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Running With Plantar Fasciitis As A Running Companion

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If you are a runner, you do everything you can to take care of your feet. Without your feet, you can't do what you love. However, since you are running, you do run into problems. One of those is plantar fasciitis, which is also sometimes known as runner's heel. If you have started noticing that you have significant foot pain, you may have this problem, and should go see a doctor. However, there are things that you can do at home to help manage the problem and help you feel better. 

Plantar Fasciitis 

Plantar fasciitis is an inflammation of the plantar fascia. The fascia is a thick piece of connective tissue that runs from your heel, up through your arch, and connects at the base of your toes. Connective tissue may look like a ligament, but it is not very elastic, so doesn't have a lot of stretch. Plantar fasciitis generally shows up as a deep pain in your heel and up into your arch. You will generally notice that the pain is worse in the morning when you are just walking around after getting up out of bed, or if you start running again after taking a few days' break. Another thing you may notice is that you may feel a lot of pain if you stretch your toes back toward your shin. If your Achilles tendon is tight, you may notice that the pain is even worse. 

Controlling Plantar Fasciitis

You want to get into see a doctor about it because the longer the problem lasts, the harder it is to get rid of it. Your doctor may send you to PT to help work out the problems, as well as prescribe you some anti-inflammatories to help bring down the inflammation. There are things that you can do that can help you control and manage the problem.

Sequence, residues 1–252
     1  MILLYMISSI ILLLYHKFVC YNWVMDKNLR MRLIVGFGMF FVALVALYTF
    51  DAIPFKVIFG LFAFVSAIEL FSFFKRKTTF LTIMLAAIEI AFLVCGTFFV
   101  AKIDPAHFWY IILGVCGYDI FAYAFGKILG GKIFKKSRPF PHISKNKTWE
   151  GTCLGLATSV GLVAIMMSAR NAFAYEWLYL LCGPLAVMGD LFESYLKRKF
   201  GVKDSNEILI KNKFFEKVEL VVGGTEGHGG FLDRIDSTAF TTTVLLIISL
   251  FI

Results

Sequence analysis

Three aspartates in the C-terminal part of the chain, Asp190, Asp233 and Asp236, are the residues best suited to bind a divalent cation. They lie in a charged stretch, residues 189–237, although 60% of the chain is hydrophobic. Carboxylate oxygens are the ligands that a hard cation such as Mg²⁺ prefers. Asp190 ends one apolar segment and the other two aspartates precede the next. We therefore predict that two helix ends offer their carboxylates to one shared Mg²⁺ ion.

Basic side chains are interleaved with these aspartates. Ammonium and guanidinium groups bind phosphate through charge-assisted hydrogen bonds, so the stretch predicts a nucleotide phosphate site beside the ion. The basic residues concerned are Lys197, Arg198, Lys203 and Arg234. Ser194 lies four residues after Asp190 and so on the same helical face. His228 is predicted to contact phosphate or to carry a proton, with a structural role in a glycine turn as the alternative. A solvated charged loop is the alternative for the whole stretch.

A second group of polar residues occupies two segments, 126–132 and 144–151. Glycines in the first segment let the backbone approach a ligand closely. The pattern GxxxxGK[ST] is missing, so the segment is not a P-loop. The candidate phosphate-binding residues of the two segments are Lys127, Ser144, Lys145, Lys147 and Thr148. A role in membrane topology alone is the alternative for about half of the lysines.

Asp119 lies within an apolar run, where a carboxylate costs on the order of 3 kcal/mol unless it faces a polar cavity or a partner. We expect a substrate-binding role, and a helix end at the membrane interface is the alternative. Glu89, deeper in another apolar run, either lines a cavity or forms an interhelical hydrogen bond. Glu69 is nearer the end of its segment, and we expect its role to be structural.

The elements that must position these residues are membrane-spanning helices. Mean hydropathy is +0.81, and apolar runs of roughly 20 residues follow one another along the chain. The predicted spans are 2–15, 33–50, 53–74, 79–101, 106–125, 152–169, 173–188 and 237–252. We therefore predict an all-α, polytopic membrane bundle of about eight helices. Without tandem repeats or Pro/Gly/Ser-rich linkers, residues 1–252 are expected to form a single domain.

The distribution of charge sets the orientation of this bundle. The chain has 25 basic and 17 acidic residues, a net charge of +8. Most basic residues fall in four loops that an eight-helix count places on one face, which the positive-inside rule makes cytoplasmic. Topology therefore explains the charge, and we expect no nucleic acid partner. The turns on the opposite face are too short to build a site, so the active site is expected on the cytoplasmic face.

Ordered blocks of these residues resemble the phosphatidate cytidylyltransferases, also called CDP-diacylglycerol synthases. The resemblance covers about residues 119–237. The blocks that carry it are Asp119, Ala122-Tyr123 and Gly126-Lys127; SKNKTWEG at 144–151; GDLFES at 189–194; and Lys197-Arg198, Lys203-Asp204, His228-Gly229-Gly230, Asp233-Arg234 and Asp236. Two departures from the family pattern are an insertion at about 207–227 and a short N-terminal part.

Tennis Balls

One thing you can do is get a can of tennis balls. Take one of the balls, put it on the floor, and roll it around under your foot. The pressure of the tennis ball will help to massage the fascia and help to bring down the inflammation. You can also ice it the same way, using a frozen water bottle instead of a tennis ball. 

Check Your Shoes

Since the plantar fascia runs along your arch, if it doesn't have enough support, it can cause plantar fasciitis. Check all your shoes to make sure you have plenty of arch support, you can add inserts if you need to. You should also have shoes that you can wear around your house that have arch support because you should probably avoid going barefoot when you are seeing symptoms. 

Limit Mileage Changes

While you may have the urge to get your mileage up as quickly as possible, overuse can cause plantar fasciitis. You should only gradually increase your mileage. If you start to feel any pain, back your mileage back down.

If you love to run, you don't want to have anything stop you. If you manage your plantar fasciitis well, you can keep running. For more information, contact offices like Advanced Foot Clinic.